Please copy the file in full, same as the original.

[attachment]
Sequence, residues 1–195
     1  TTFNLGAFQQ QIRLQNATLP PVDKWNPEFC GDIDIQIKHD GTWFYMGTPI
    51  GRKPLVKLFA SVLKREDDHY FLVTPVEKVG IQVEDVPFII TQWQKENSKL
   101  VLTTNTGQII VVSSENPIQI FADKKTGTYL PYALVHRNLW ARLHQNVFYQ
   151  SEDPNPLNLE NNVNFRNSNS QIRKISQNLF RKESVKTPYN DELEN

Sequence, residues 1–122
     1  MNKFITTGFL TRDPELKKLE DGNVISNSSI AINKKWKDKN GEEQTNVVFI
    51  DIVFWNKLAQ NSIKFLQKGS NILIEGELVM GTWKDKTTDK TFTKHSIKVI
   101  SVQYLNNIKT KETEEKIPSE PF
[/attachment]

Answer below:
Sequence, residues 1–195
     1  TTFNLGAFQQ QIRLQNATLP PVDKWNPEFC GDIDIQIKHD GTWFYMGTPI
    51  GRKPLVKLFA SVLKREDDHY FLVTPVEKVG IQVEDVPFII TQWQKENSKL
   101  VLTTNTGQII VVSSENPIQI FADKKTGTYL PYALVHRNLW ARLHQNVFYQ
   151  SEDPNPLNLE NNVNFRNSNS QIRKISQNLF RKESVKTPYN DELEN

Sequence, residues 1–122
     1  MNKFITTGFL TRDPELKKLE DGNVISNSSI AINKKWKDKN GEEQTNVVFI
    51  DIVFWNKLAQ NSIKFLQKGS NILIEGELVM GTWKDKTTDK TFTKHSIKVI
   101  SVQYLNNIKT KETEEKIPSE PF